Bristol/Lilly: In the first of two “No-Deals” of the week, Eli Lilly during its fourth-quarter call on Jan. 29 revealed to investors that its collaboration with Bristol regarding Phase III oncology asset necitumumab has been terminated in North America and Japan. Bristol pulled out of the three-year partnership for the squamous non-small cell lung cancer treatment, leaving Lilly with sole worldwide development and commercialization rights. A Phase III non-small cell lung cancer trial was dropped two years ago due to safety concerns. “The decision to provide notice of termination for necitumumab was based on a careful review and prioritization of our entire development portfolio, which the company regularly undertakes,” said a spokesperson from Bristol in an e-mail. Lilly assured investors that it intends to continue the development of necitumumab and that data from the late-stage SQUIRE trial are expected in late-2013/early-2014. The company plans to make the therapy part of a comprehensive treatment continuum for lung cancer that also includes Alimta (pemetrexed) and clinical-stage drug ramucirumab. Oncology is one of the main therapeutic areas driving Lilly’s pipeline beyond its so-called “YZ” years that are plagued by patent expirations of blockbuster drugs. - Lisa LaMotta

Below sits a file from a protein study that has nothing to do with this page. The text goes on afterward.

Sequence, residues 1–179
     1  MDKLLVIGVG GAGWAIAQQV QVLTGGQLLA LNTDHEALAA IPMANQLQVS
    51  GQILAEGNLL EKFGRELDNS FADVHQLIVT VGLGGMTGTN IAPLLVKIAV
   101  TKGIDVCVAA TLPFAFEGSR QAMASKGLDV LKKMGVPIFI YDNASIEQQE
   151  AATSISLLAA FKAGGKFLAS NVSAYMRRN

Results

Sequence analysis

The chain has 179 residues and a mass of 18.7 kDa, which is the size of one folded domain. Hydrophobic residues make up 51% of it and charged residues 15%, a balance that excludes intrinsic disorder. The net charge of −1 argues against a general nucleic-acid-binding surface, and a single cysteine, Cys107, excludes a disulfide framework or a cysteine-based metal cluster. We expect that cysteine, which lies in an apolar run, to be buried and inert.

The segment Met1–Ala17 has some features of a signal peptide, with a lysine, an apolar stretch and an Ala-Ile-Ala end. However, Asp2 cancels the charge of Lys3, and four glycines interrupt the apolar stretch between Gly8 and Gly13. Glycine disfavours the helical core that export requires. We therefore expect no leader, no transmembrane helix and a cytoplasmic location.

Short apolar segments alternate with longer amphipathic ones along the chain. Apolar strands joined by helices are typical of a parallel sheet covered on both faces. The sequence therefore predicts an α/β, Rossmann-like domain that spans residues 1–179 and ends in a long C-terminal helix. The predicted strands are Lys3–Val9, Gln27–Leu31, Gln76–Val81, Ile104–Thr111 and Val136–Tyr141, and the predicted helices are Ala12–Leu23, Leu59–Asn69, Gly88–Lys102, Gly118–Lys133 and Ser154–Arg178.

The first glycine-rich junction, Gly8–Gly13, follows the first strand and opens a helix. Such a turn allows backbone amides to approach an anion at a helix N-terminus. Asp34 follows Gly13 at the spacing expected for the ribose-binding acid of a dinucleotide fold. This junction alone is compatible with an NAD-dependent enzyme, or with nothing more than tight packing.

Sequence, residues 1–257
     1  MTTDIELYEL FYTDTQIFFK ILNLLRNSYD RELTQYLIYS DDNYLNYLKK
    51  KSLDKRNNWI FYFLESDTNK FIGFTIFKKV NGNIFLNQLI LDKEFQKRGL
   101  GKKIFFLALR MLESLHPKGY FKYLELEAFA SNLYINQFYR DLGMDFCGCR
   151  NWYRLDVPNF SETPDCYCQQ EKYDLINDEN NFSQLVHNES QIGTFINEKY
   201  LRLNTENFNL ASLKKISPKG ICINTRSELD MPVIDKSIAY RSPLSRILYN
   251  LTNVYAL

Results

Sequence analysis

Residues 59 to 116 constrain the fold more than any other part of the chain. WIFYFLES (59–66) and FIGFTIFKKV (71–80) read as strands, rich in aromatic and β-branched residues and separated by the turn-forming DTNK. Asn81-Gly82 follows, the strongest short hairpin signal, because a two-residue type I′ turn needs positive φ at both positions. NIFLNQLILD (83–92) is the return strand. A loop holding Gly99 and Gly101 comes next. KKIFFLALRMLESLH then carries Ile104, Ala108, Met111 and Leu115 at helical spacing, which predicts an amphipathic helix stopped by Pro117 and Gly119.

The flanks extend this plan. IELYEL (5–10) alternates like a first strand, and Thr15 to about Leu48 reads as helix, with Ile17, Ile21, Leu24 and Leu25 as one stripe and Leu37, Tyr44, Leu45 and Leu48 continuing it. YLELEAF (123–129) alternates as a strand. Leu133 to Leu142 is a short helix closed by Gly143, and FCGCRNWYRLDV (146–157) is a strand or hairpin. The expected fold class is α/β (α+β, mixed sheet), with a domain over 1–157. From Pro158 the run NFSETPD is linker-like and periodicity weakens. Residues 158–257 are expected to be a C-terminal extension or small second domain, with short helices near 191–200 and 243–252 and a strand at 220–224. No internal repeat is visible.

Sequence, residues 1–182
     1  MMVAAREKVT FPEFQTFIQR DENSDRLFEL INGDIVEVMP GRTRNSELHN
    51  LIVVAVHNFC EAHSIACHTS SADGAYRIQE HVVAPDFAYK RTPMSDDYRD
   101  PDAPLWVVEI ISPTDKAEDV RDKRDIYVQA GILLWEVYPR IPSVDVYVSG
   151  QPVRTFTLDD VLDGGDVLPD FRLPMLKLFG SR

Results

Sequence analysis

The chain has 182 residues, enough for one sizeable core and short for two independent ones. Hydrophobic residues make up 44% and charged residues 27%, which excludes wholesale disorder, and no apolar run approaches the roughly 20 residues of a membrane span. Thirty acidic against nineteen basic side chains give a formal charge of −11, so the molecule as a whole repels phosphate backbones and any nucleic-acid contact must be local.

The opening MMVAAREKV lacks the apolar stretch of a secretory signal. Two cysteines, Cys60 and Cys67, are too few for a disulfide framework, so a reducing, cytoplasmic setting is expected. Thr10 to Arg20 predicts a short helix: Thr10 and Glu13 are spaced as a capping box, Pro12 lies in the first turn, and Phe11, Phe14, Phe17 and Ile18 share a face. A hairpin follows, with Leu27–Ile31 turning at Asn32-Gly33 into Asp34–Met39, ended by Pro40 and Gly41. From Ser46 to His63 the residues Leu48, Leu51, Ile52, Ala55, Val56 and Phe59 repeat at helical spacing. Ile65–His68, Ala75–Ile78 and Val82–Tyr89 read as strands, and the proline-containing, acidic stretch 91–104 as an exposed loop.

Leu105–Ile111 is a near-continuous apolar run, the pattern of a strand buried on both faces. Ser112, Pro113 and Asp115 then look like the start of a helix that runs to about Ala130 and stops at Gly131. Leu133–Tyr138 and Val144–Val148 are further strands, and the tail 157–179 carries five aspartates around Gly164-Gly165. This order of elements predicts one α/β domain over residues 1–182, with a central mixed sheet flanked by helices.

Teva/CureTech: As part of a pipeline review initiated by new top management, CEO Jeremy Levin and CSO Michael Hayden, Teva has terminated its collaboration with oncology biotech CureTech. CureTech’s lead compound is CT-011, a humanized monoclonal antibody that interacts with PD-1, a B7 receptor family associated protein. It has been assessed in Phase I and Phase II clinical trials for hematological malignancies and solid tumors, including large B-cell lymphoma, colon cancer, metastatic melanoma and other indications. Teva did not say much about the trial results to date, but Hayden, in a statement, noted, “As we looked closely at CT-011 and the most recent clinical and biochemical data, we have made the strategic decision to invest our resources elsewhere, where we can have the most impact for patients.” In the mid-2000s, Teva began dipping its toes into innovative oncology R&D with a few small in-licensing deals, but Levin and Hayden have made it clear that while the company will not completely jettison oncology, it is no longer a priority for Teva’s innovative R&D program, largely because the field is so crowded and also because Teva’s strengths lay elsewhere. The deal revolved around a 2006 agreement that Teva drove, under which it paid $6 million upfront and took an option to invest another $23 million if CureTech met certain development milestones, as well as to buy the rest of the company if CT-011 were approved. At the time, CT-011 had completed Phase I testing. Unlike many other in-licensed assets under review, this one originated at the Israeli drug maker, not one of the companies Teva has acquired. Indicative of the homegrown nature of the deal, CureTech also is based in Israel, where Teva is headquartered, and for a long time, one of Teva’s top executives, Aaron Schwartz, sat on CureTech’s board. Teva is taking a $109 million noncash charge as a result of the impairment cost of the termination. - Wendy Diller